Visual Baseball:  Is Andy Pettitte a Hall of Famer?

Hi there. I’m back after a prolonged offseason hibernation. Over the last several months there’s been a fair amount of the annual “Is he a Hall of Famer” debate. There’s the “the numbers tell me” argument, which tends to help players like Bert Blyleven. And there’s the “my eyes tell me” argument, which tends to favor players like Jack Morris. Here’s a fusion of the two, using our “eyes” to look at “the numbers” courtesy of Rankometer.

With Rankometer, we examine a pitcher’s career by visualizing how his WAR stacked up against his peers each season. Since a Hall of Famer should be performing at an elite level, we look at the top 30 starting pitchers in each season, since they would seemingly represent the “elite” (each team’s ace, the top 20 percent, however you want to look at it). So let’s take Rankometer for a spin and see what our eyes tell us.

Let’s first look at a first ballot Hall of Famer, Greg Maddux. What do my eyes tell me? He was the best among the best for a long stretch. Consistent dominance for an extended period of time. The big block of color says “Hall of Famer” to me.

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Now let’s look at a borderline candidate, Mike Mussina. Rankometer reveals a lesser pitcher than Maddux, but still an elite pitcher for an extended period of time, with some off-years here and there. Hard to say with Mussina, but after looking at his Rankometer I am more of a believer.

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Now, let’s look at Andy Pettitte. What do your eyes tell you when you look at his Rankometer? To me, the visual doesn’t come close to Mussina’s (let alone Maddux’s). I know we’re not considering his postseason resume, which this doesn’t capture (maybe a future revision could). But still, my eyes don’t tell me “Hall of Famer” when I look at this visual. What do you see?

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Click “more” to see more Rankometers for Randy Johnson and a PED-infused Roger Clemens.

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Kevin Dame is a writer and visual designer who brings sports information to life in new and meaningful ways. Visit his website and follow him on Twitter @kevintdame.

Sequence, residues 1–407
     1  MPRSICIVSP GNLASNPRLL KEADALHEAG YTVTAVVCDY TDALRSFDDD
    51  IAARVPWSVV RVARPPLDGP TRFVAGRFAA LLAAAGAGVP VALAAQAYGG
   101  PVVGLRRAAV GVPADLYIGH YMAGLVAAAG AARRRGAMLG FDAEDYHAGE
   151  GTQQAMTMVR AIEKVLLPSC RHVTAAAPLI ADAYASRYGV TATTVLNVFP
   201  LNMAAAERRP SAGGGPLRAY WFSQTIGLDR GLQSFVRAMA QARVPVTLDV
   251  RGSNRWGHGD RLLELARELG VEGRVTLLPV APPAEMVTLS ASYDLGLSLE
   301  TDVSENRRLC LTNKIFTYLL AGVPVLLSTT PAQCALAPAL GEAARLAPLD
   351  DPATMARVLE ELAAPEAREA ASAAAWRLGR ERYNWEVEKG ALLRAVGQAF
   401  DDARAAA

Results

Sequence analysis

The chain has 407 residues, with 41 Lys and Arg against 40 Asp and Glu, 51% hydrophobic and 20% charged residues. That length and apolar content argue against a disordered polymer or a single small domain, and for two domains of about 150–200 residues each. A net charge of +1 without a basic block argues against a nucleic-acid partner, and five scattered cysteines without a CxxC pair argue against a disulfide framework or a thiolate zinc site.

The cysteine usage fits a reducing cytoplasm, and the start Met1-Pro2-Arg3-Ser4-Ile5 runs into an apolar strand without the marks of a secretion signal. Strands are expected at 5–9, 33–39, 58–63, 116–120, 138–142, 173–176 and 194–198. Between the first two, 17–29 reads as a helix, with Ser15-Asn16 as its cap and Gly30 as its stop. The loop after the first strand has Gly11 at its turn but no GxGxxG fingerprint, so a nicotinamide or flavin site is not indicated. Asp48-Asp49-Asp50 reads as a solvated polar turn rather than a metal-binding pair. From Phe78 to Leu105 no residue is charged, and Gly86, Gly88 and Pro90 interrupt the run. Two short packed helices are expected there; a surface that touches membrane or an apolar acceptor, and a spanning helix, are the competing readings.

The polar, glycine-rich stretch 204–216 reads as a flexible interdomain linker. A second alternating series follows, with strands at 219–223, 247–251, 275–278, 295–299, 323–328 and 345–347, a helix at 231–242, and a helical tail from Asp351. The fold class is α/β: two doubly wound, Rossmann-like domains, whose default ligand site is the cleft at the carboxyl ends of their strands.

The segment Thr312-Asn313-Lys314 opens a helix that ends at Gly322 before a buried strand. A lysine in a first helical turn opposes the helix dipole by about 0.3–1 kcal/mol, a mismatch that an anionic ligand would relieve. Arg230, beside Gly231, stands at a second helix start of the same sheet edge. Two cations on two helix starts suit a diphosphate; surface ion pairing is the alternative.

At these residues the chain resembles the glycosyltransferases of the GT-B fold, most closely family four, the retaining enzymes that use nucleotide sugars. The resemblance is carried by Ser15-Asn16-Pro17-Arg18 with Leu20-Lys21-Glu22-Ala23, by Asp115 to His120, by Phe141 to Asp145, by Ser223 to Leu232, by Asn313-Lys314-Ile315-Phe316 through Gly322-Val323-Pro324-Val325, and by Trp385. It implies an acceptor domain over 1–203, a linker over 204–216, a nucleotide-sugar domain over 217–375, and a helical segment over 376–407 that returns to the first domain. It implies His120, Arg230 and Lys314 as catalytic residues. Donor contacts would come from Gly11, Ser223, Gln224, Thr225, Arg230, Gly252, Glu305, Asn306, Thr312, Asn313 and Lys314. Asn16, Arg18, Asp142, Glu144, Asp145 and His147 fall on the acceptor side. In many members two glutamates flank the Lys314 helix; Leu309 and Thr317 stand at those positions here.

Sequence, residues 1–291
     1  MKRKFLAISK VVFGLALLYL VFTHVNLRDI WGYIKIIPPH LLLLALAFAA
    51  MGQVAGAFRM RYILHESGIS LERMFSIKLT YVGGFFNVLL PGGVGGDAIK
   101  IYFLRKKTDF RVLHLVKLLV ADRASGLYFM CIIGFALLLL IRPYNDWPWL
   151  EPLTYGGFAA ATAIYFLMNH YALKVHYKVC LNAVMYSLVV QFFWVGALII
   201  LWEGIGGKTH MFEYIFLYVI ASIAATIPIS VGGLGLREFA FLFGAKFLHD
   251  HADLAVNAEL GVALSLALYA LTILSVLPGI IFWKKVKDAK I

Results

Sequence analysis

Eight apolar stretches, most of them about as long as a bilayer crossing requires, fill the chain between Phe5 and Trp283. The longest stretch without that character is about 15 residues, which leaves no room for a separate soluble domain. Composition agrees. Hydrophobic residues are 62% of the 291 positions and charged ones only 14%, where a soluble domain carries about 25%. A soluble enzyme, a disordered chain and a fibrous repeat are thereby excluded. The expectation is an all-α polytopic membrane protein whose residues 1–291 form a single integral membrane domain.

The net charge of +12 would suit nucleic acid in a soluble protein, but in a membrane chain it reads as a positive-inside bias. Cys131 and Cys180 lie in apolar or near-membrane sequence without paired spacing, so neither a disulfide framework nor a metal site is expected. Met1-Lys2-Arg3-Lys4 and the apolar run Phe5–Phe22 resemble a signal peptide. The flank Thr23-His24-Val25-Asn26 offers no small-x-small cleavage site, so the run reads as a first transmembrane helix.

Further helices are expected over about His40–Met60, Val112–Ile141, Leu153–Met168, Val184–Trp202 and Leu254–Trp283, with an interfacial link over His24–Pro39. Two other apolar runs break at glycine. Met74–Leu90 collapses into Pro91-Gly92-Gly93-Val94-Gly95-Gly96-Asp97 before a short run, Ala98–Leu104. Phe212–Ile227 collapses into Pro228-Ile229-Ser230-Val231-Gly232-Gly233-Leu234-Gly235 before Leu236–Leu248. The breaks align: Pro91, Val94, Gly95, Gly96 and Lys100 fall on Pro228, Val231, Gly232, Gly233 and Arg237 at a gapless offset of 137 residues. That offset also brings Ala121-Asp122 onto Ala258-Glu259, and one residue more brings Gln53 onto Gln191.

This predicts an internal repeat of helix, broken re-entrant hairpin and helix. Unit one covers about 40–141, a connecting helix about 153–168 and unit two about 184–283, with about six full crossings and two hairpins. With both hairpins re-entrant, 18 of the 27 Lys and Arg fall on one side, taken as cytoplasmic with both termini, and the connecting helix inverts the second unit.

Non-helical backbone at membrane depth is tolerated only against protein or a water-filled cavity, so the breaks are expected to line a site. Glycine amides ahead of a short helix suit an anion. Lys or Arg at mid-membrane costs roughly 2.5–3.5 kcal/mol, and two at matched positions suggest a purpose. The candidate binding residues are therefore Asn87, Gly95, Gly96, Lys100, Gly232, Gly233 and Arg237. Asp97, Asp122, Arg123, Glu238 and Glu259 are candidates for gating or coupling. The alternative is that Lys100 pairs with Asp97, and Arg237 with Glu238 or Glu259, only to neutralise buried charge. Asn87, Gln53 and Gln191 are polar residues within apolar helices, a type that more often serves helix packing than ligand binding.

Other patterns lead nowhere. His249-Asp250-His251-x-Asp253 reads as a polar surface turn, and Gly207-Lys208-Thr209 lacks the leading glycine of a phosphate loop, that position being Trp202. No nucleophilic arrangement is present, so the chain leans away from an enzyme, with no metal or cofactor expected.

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8 Comments on "Visual Baseball:  Is Andy Pettitte a Hall of Famer?"

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Jacob Rothberg
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Jacob Rothberg

Could you do one of these for Halladay?

Tim
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Tim

I would love to see Blyleven. Still don’t believe he belongs in the HOF.

Jacob Rothberg
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Jacob Rothberg

I’m also happy to see anything to that takes the shine of off the Pettite for HOF case. The guy was a mediocre pitcher who got a pass for taking PED’s by doing the ‘apology without saying what I’m apologizing for’ dance and was just never as good as Yankee fans wanted everybody to believe.

Ed
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Ed

I love these charts. I second the request for Blyleven.

Noodle
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Noodle

Please tell me why you think Morris is more deserving than Pettite. It can’t be his post-season, since Pettite has him beat (19-10 versus 7-4). It can’t be his great W-L percentage or his ERA or ERA+ or just about anything. No, I would not vote for Andy P; but given one vote that I must use, he beats Jack M.

Kevin Dame
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Kevin Dame

Noodle, I am not saying anything about Jack Morris and his candidacy for the HOF (although a Rankometer for him would surely suggest that he doesn’t make the cut).  I was simply using him as an example of how people “use their eyes” (ie. “I saw him pitch 10 innings of shutout baseball in Game 7”) as an example of how some people evaluate performance.  kd PS – Why the name “Noodle?”

Noodle
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Noodle

Guys called me that in HS – I thought it was because I was smart; but after gradutaion someone told me I got the nickname in the shower after gym class.

In any case, I hate those guys who say “I saw him”. Anyone who saw one game – say Game 5 of the 1956 WS – would have an opinion on the greatest pitcher in ML history is, which has no basis in reality. Much like the Jeter GG voters I guess.

Paul
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Paul

Halladay vs. Santana ‘on HoF if careers ended today’ please

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